(Photo by Mark Goldman/Icon Sportswire)
Yasiel Puig (OF, Los Angeles Dodgers) went berserk on Saturday, piling up 7 RBI on 3 home runs. In the last two days, he’s 6/10 with 5 runs, 5 HR, and 9 RBI. He’s basically handing out fantasy championships to his owners and causing irreversible heartbreak to those who left him on the bench.
He’s had a really interesting career in many respects due to the potential in his bat and the almost reckless way he plays the game on one of the most visible teams in baseball. He’s also been a very polarizing fantasy player who has been seen as an early round pick one year then as an afterthought the next. Beneath all of that hype, hate, and debate, though, is a very good baseball player. He currently ranks as the 30th OF on ESPN’s player rater for standard 5×5 leagues thanks to his 21 HR, 15 SB, and .271 AVG over 113 games. Granted, much of that is due to the impossible success he’s had over the last two days, but it’s certainly no accident — the Statcast data backs up his overall output (.274 xAVG, .491 xSLG).
While there’s little you can do about Puig’s monster weekend in redraft formats, he’s someone to keep an eye on for next year in daily formats. 150 games simply isn’t going to happen (and I wouldn’t bet on 140, either), but the career .280/.354/.480 hitter will provide fantasy goodness for your squad in 2019, and there’s a decent bet that he can be drafted outside of the top 40 OF or acquired for a bargain as soon as people forget about this weekend (probably in the offseason). He likely has at least 1 more year with the Dodgers (Puig is arbitration eligible), but after that, he’ll hit free agency prior to turning 30, so he won’t have to worry about the outfield crowding for too long. Keep an eye on him and his ADP this offseason.
Cody Bellinger (OF, Los Angeles Dodgers) – 3-5, 3 R, HR, 6 RBI, BB. He’s been a bit of a disappointment to those who took him in the 2nd round of drafts back in March, but he rewarded those who remained patient last night with his clutch fantasy playoff performance. The uptick in groundball rate and infield fly rate is troubling enough to push him outside the top 20 for me, but due to the lack of elite 1B options in fantasy, he should still be in the top 5-7 1B conversation next season.
Alex Gordon (OF, Kansas City Royals) – 3-5, 2 2B, 5 RBI. Dude, just stop it. One more swiped bag gives him his best total since 2011 and 2 more RBI give him his best totals since 2014. He’s also posting the bets hard hit rate of his career. He’s available in over 90% of ESPN leagues and has a 107 wRC+ against righties this season, so he might be worth that 5th OF spot in daily formats for those in dire need of offense in their late season push or playoffs.
Randal Grichuk (OF, Toronto Blue Jays) – 3-5, 3 R, 2 HR, 2B, 2 RBI. Talk about consistency. In each of the last 3 seasons, he’s hitting between 22-24 HR, scoring 53-66 runs, driving in 55-68 RBI (currently at 53), and batting .238-.247 in 122-132 games. Those are some pretty tight numbers, and it’s likely to repeat itself in 2019. For a guy who will still go VERY late in drafts, that’s a nice little player. The drop in strikeout rate (~30% to 25.7% this season) also bodes well for his batting average and gives him a better chance to stay in the lineup.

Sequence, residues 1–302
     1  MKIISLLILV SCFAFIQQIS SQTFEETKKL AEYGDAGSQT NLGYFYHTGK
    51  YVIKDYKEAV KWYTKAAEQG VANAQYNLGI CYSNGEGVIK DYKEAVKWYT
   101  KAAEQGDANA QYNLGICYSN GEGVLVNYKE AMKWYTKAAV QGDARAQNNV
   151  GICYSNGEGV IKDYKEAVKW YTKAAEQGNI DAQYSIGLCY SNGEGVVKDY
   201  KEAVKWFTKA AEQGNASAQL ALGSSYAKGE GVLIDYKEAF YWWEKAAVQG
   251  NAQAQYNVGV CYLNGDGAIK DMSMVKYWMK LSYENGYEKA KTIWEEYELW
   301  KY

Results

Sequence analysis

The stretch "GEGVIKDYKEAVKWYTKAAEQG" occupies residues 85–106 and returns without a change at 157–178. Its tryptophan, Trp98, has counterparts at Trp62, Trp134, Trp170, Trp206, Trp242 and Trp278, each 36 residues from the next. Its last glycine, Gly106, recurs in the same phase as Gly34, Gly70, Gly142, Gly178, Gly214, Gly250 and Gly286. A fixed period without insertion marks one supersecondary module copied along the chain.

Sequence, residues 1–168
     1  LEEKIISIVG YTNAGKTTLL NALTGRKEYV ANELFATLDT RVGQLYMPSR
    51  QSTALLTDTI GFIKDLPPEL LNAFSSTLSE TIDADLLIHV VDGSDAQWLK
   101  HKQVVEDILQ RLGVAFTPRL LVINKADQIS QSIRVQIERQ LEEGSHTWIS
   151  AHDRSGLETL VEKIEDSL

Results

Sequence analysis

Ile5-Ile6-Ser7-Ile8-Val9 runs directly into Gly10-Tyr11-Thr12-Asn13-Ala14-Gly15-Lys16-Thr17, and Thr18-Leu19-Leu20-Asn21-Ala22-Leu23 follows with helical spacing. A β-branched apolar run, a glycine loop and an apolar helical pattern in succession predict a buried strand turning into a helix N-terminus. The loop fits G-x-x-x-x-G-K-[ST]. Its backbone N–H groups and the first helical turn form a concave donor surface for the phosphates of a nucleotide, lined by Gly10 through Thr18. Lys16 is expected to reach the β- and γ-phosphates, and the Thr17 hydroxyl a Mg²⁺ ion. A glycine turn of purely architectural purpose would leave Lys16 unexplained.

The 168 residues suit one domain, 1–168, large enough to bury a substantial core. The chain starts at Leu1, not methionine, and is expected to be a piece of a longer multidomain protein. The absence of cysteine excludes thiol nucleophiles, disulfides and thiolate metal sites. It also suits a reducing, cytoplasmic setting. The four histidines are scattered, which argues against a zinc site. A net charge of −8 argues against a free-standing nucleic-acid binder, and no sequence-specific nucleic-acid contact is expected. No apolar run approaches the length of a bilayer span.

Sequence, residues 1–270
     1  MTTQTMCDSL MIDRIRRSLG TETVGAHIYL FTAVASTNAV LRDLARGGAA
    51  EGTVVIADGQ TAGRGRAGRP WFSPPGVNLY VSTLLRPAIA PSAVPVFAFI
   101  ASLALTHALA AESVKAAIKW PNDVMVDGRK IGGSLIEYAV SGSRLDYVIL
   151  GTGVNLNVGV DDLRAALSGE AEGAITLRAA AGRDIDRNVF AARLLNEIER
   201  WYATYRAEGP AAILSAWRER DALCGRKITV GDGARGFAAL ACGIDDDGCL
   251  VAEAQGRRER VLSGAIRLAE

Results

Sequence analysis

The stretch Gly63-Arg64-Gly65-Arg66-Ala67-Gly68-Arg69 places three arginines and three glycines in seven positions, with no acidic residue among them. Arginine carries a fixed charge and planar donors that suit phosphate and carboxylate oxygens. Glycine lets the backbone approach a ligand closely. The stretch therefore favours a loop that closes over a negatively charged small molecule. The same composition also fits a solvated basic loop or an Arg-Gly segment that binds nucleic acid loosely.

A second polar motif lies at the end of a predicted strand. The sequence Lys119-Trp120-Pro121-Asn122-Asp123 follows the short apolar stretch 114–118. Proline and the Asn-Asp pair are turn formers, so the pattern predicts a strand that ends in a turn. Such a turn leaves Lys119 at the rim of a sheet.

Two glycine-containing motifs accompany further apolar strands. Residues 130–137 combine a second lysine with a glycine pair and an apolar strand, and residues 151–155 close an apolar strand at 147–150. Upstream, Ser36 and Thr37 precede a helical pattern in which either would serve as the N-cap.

Mike Trout (OF, Los Angeles Angels of Anahiem) – 2-3, R, HR, 2B, 2 RBI, BB. Fun trivia question for a slow day at the bar – ask people to name all professional sports teams in the NFL, NBA, NHL, and MLB with names that do NOT end with an “s”. Everyone always misses the Angels of Anaheim. Oh yeah, and Mike Trout is really good.
Justin Upton (OF, Los Angeles Angels of Anahiem) – 2-4, 2 R, 2 HR, 2 RBI. Don’t mind him — just another 30 HR season in the works with a decent batting average, strong OBP, and plenty of counting stats. Let everyone keep sleeping on the guy due to his hot and cold tendencies — he’s a lock for 30 HR and 160+ R+RBI.
Robinson Chirinos (C, Texas Rangers) – 1-3, R, 2B, 3 RBI. This is your regular reminder that the catcher position i awful for fantasy. Chirinos is a top 10 catcher. One of the more dependable ones, actually. Yuck.
At 1B I think you either need an elite guy or just take whatever falls. A guy like Bellinger can be replaced on the waiver wire if you are actively looking… imagine some combination of Mitch Moreland in the first half and Tyler White in the second for free. Settling with a guy like him actually hurts in that you are not looking to upgrade… just waiting for the big turnaround and in all likelihood overvaluing the good games.
That’d be ideal, theKraken, but a lot easier said than done. I think in 10-12 team redraft this is a more palatable strategy for 1B, but will require quite a bit of managing and speculating to ensure you get your guy first, as well as some luck. The more important point, however, is focusing on the lack of depth at 1B — a position that as recently as 5 years ago was absolutely stacked. After Goldschmidt, Freeman, Rizzo, and Carpenter, who’s left? Encarnacion will be 36 years old, Bellinger and Votto are coming off of disappointing seasons, and Hoskins will no longer be eligible at 1B. Do you bank on Aguilar repeating his outrageous hot streak? Do you believe in Ian Desmond? It gets ugly in a hurry.
I think Grichuk is a great example of what that kind of production means in 2018. Lots of guys are essentially Grichuck and are top 100 bats, but that type of production is pretty readily available – low BA, 25 as either a FA or trade throw-in.